Your Month-Long Guide To Running Barefoot Perfectly
So, you want to run barefoot do you? You’ve probably heard about all the people who used to have nagging foot, ankle and leg injuries and now run hundreds of miles a month pain free. While it’s true Barefooting is great for preventing injuries and running healthy, it’s important you understand that it’s a commitment. With poor barefoot technique, your injuries will not go away, they will just be different.
Calf, arch, toe and hip injuries can all be a result of bad barefoot running technique. “Barefoot” shoes being used by a person who is used to heel striking is another common cause of injury.
We love barefooting and we don’t want to see you give it a try and have a bad experience. So in this guide we’re going to lay out EXACTLY what you need to do if you’re thinking of shedding your kicks and giving your natural running shoes a try.
Step 1: Kick Off Your Shoes
Walk barefoot around the office. Go for a walk down the street or beach barefoot. Whatever you do
though, don’t run. Not yet at least. Don’t even get excited on the way home and break into a jog. For
the first week, you’re a barefoot toddler, only walking for you.
This step is important for two reasons:
- It allows the sensitive, from lack of use, nerves in your foot to get acclimated to being stimulated more often. This will prevent you from running one mile and then having to stop because the bottoms of your feet are stinging in pain.
- Your gait will naturally reset itself for barefooting by opening your hips, relaxing your calves and splaying your toes out as you move. These steps are vital to ensuring proper technique when you add running into the mix.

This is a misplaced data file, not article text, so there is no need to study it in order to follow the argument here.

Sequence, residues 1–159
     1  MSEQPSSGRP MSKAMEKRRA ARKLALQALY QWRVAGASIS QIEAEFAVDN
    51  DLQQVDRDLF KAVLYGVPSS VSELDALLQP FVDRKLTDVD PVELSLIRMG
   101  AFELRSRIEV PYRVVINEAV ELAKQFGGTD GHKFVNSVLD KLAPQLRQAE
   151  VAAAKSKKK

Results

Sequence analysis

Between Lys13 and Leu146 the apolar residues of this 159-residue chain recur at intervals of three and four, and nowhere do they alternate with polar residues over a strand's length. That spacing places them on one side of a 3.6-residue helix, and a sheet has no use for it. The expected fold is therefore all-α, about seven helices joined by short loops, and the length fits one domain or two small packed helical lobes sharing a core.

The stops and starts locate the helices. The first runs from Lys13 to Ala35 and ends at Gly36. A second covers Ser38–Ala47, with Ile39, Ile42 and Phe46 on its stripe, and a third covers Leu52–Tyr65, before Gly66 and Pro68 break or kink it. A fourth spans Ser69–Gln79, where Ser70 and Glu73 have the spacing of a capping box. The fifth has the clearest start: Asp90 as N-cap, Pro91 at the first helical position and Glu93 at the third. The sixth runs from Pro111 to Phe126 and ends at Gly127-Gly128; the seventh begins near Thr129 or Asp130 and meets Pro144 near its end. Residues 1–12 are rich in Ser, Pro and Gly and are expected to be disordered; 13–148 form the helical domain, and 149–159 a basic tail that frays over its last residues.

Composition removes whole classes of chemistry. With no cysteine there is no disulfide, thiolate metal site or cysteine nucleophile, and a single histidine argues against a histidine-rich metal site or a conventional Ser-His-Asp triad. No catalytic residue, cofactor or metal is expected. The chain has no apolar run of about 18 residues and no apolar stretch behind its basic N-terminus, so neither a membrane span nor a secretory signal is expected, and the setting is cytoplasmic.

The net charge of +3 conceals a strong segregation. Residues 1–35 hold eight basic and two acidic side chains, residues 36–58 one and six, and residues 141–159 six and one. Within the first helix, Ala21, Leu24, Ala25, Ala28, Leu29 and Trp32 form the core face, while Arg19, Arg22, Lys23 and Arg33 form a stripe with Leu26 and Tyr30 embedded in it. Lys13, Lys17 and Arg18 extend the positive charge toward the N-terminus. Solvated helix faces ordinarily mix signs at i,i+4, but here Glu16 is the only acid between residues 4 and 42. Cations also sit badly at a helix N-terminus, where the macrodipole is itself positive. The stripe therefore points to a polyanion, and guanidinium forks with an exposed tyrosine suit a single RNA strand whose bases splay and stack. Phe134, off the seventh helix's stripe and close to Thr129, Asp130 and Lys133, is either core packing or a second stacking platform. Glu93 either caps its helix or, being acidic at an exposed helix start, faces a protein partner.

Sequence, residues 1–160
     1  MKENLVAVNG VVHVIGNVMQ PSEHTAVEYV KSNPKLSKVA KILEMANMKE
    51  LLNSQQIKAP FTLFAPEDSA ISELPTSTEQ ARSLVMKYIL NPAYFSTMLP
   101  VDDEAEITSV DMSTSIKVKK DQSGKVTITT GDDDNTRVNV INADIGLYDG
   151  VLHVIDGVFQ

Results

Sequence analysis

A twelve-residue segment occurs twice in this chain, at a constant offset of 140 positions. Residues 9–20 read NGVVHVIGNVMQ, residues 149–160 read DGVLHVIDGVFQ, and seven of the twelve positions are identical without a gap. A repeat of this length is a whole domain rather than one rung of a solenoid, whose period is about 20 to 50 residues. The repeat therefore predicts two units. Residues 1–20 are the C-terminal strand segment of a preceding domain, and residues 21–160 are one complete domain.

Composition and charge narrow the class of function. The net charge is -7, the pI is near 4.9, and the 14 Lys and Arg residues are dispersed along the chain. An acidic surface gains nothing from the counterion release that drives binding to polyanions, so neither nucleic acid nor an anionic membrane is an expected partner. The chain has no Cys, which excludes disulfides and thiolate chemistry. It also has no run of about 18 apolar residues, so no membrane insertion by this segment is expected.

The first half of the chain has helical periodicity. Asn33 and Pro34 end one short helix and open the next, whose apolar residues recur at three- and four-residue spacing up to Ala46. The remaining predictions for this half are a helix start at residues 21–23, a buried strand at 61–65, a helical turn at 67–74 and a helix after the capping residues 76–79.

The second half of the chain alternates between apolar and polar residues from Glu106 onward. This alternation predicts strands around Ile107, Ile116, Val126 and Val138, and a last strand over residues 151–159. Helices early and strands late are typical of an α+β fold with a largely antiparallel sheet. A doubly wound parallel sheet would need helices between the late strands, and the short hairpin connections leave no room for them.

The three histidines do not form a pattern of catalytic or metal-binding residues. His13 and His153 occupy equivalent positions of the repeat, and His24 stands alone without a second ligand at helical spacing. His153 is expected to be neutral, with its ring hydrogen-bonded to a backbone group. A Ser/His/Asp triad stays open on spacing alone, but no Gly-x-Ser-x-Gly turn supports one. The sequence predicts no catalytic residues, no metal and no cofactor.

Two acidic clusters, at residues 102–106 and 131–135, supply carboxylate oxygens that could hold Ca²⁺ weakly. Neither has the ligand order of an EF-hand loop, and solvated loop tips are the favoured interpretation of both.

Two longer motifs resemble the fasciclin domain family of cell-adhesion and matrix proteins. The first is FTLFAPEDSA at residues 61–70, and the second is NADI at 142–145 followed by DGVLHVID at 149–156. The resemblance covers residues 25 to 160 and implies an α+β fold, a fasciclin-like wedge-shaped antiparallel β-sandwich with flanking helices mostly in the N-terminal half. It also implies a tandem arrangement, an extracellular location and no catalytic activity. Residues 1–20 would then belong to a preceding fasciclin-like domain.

Step 1 is not optional and cannot be done in shoes like Merrels or Vibrams. You really need your feet on
the ground during this transitional phase.
Step 2: Jumping
For this phase, you have been walking barefoot for one to two weeks and you’re starting to get
comfortable with the good old ground feel. Now it’s time to add jumping. Wait, what? I thought
you said this was about barefoot running? It is, but remember - during a three mile run your body
bounces, similar to a jump. All of this injury prevention stuff is about minimizing the impact from all that
What to do:
- Stand with your arms out in front of you
- Head up, back straight and use your rear for counterweight to your arms
- Bend your knees more than you feel you should
- Squat down slightly and start to bounce lightly off the ground
- Push up with the balls of your feet and take both feet off the ground at the same time
- Land like a cat, with the proper order being; Balls of your feet, then toes and heels at the same
time landing. Keeping your calves relaxed.
- After doing that about 20 times, put your arms in running position and pump them while jogging
in place. Make sure your head is up, your hips are forward, your knees are bent and you are
landing on the balls of your feet.
Do this once a day for a week.
Step 3: Running Barefoot!
I bet you can hardly wait? If you’ve done it properly, it’s week 3 or 4. You’re about to go for your first